WOHS theatre department making an impact

The students of the theatre department were recently recognized for a multitude of awards and honorable mentions.

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The students of the West Orange High School theatre department are making an impact that goes way beyond the walls of the classroom. 

The internationally recognized theatre department was recently acknowledged for a multitude of awards and honorable mentions. 

The department's Thespian Troupe 1983 will be headed to the Florida State Thespian Festival for its one-act play "Ruby's Story." 

The play, which premiered in November, takes place in West Virginia during World War Two. The story follows a family and their experience in dealing with the effects of the war, even from across the world in the United States. 

The 33 students involved in the play put together everything in only two weeks. 

"Ruby's Story" received the "Critic’s Choice One-Act" award and the students involved will perform at the state level in March in Tampa. 

The production also earned "Critic’s Choice Tech" for the "Outstanding Student Design" award to Ryan Chillinsky and the "Outstanding Lead Actress" award to Eislinn Gracen.

Additionally, the show received superior ratings in both performance and tech.

The "All-Star Cast" award went to Annabelle Peebles, who previously earned the same award at the Florida Theater Conference, where the show placed third. The "All-Star Crew" award went to stage manager Alex Battenfield. 

Two West Orange students won "Best in Show" for their individual events including Gina DiGiovani for "Solo Musical" and Zachary Miles for "Lighting Design."

Seniors Gracen and Miles also came home with scholarships for their hard-work. 

WOHS Director of Theatre Tara Whitman said although the last few years have been challenging due to the coronavirus pandemic and other factors, the students have never faltered in their perseverance.

"I think that this validates the students hard work and their commitment to a program that isn't always recognized as much," Whitman said. "They get so much feedback from myself, the judges and other students in theatre departments to help them learn and grow."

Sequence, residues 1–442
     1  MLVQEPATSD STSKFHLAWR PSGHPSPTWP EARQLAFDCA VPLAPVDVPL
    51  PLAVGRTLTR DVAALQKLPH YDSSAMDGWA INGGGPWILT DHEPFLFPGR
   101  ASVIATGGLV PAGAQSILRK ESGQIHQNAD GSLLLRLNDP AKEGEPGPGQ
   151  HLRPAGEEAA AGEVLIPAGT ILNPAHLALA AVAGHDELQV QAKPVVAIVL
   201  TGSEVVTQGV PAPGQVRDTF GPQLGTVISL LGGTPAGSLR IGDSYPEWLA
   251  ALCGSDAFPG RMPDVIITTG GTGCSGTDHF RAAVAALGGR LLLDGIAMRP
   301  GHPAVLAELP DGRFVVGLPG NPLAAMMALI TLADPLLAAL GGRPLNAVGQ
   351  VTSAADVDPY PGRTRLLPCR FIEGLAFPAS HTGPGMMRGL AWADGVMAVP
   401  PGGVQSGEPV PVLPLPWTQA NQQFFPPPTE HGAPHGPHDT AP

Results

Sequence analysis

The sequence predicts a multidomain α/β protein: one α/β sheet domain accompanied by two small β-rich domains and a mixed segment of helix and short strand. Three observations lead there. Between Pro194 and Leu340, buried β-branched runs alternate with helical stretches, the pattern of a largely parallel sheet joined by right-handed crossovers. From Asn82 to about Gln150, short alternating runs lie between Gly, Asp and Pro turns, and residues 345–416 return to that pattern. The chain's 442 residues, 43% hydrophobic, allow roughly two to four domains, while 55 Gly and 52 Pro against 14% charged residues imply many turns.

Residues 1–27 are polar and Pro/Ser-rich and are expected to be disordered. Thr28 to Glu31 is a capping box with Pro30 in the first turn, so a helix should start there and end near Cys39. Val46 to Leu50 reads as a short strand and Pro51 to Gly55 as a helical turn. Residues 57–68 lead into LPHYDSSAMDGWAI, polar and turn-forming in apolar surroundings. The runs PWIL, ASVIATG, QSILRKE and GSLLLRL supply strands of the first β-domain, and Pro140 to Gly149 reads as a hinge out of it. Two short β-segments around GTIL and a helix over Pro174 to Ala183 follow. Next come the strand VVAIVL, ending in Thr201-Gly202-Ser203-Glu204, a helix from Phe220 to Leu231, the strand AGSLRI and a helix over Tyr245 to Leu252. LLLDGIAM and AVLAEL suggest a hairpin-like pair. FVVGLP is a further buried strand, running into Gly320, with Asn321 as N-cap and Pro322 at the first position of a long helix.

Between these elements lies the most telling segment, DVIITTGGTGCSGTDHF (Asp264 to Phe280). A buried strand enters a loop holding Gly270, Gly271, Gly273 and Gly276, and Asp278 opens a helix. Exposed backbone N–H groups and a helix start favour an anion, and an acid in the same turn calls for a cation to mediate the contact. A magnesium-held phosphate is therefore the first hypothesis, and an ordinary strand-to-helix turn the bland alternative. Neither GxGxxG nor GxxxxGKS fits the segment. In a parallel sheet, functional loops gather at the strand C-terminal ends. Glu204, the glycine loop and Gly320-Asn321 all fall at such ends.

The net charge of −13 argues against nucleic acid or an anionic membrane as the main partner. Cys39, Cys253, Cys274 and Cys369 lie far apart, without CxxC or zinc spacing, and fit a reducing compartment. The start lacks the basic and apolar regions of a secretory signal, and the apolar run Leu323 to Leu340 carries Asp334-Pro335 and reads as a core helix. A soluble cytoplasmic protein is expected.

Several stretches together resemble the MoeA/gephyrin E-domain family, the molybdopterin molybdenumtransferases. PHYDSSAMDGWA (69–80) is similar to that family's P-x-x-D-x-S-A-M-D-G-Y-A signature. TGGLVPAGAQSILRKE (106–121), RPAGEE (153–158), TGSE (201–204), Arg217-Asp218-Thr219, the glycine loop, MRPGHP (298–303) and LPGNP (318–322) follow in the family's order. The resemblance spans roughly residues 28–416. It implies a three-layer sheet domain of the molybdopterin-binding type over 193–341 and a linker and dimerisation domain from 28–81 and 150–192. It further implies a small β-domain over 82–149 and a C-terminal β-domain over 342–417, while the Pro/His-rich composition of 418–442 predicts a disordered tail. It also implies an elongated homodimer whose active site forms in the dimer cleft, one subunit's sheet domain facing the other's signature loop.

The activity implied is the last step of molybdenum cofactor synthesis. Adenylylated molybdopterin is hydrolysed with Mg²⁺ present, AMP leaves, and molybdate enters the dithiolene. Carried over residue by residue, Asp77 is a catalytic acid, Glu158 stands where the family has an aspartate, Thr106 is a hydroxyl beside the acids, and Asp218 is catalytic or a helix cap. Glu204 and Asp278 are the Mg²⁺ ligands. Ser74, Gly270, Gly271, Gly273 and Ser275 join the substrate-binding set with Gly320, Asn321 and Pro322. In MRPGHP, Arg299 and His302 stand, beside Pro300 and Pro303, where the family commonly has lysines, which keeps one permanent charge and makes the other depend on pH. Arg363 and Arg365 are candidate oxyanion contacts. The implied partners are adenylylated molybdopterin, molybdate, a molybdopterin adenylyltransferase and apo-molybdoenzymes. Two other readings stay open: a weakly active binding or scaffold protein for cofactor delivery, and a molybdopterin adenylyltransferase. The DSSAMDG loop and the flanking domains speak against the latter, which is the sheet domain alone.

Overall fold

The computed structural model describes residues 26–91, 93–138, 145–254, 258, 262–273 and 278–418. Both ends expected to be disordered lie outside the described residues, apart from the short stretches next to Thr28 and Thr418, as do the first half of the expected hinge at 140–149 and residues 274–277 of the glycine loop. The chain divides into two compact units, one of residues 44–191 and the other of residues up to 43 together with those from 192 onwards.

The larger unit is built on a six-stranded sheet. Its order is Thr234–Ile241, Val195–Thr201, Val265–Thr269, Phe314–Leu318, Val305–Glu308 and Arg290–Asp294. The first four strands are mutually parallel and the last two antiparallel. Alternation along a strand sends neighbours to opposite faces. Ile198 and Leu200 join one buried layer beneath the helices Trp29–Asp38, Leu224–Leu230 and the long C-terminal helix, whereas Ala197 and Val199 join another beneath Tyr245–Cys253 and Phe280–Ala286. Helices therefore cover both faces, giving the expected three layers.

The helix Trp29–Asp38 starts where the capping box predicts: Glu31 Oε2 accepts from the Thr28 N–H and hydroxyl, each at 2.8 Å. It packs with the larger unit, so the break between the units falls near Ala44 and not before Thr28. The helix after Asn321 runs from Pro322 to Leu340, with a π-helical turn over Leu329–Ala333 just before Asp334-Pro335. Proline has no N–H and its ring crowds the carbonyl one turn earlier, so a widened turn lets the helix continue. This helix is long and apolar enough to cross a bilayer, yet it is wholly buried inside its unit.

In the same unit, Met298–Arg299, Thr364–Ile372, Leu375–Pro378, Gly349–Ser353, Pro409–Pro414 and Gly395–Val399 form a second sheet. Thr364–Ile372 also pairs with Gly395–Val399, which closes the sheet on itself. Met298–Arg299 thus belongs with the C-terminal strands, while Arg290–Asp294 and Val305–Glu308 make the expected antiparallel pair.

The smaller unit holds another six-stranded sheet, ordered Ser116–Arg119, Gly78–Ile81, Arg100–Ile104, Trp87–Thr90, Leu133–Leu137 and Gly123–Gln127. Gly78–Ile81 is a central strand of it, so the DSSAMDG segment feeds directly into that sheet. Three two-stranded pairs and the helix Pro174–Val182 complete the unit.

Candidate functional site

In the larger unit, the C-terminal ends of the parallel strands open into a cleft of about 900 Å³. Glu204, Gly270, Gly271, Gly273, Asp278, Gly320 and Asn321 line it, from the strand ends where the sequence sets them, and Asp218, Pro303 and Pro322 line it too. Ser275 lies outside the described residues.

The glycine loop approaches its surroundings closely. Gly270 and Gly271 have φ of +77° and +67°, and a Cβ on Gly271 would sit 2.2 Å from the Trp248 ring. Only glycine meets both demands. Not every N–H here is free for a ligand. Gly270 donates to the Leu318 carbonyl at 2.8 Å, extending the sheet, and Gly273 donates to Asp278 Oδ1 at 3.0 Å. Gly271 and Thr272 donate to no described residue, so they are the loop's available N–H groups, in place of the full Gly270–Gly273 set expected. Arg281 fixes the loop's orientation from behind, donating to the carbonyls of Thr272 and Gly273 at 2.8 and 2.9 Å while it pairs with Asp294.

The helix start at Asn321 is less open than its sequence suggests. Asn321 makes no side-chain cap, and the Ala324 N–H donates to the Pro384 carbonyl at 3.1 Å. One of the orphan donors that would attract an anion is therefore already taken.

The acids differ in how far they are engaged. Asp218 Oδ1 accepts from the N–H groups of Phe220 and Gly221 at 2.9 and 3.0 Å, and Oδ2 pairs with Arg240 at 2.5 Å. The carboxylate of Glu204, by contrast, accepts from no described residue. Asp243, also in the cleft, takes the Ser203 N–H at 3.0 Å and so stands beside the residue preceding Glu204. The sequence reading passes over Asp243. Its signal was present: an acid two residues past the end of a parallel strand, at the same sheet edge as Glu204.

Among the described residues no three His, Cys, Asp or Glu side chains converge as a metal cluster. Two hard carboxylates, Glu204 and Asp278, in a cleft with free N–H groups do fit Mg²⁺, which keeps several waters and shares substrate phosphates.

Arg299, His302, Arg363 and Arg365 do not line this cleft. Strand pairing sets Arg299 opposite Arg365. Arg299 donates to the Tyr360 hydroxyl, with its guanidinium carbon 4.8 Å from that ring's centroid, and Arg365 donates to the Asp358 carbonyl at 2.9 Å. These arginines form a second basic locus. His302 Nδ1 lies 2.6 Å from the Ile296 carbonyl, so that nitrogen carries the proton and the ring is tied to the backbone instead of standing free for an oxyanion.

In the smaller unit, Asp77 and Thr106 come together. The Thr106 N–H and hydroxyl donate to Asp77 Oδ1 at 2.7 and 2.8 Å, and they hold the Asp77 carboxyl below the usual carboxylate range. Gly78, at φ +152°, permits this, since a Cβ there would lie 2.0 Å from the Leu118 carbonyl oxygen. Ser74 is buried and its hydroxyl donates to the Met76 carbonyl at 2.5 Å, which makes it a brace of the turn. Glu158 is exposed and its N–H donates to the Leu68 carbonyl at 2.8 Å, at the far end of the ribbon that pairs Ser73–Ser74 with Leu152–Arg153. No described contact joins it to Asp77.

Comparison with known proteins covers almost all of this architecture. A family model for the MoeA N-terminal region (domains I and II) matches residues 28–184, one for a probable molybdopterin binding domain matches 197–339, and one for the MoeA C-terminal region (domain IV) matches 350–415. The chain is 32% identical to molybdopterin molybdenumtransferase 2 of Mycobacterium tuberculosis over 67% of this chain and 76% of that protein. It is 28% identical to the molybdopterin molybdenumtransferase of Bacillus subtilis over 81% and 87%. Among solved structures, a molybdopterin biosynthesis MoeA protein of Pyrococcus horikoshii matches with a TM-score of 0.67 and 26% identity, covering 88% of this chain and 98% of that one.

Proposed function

However, "Ruby's Story" isn't the only play making an impression. 

The department's "Pippin" fall musical, which premiered in October, has been invited to perform as a Mainstage at the state festival. 

"Pippin," which we told you about here, is one of just a handful of plays to serve as evening entertainment to more than 9,000 high school theatre students who will attend the festival. 

The story of Pippin’s quest for a meaningful life was originally directed and choreographed by Fosse in 1972. The production retained his flair for the 2013 revival, upon which the WOHS version is based. 

Whitman said the production took about seven weeks to put together and has about 65 students.

This year's selection to perform is more meaningful than usual, as Whitman said the students were selected to participate before COVID-19 happened, and had the event canceled one day before loading up to travel. 

"It's kind of poetic that we will get to perform in the same theatre where we were supposed to perform in two years ago," Whitman said. 

Whitman explained that all of the stage equipment, which the students put together by themselves, will have to be loaded up in one afternoon, taken to the performance, unpacked and set up, taken down, and loaded back up again at the end of the night.

The department has over 100 lighting instruments, 30 microphones, over 200 costume pieces and stage equipment that covers the 50-foot wide stage.

Whitman said the department's next step is focusing on fundraising. Taking both shows to the festival will require about $30,000 to $40,000.

The department will perform both shows in West Orange again in the new year. 

The students are also already working on their next show, "Disney's Frozen Junior," which is set to premiere in February 2022.

The ticket sales combined for all three shows, as well as other fundraising events, will help the students travel in March. 

"I am inspired by my kids each and every day," Whitman said. "Their resilience and commitment is unwavering and I can't wait to see what they do next."










Annabelle Sikes

News Editor Annabelle Sikes was born in Boca Raton and moved to Orlando in 2018 to attend the University of Central Florida. She graduated from UCF in May 2021 with a bachelor’s degree in journalism and a minor in sociology. Her past journalism experiences include serving as a web producer at the Orlando Sentinel, a reporter at The Community Paper, managing editor for NSM Today, digital manager at Centric Magazine and as an intern for the Orlando Weekly.

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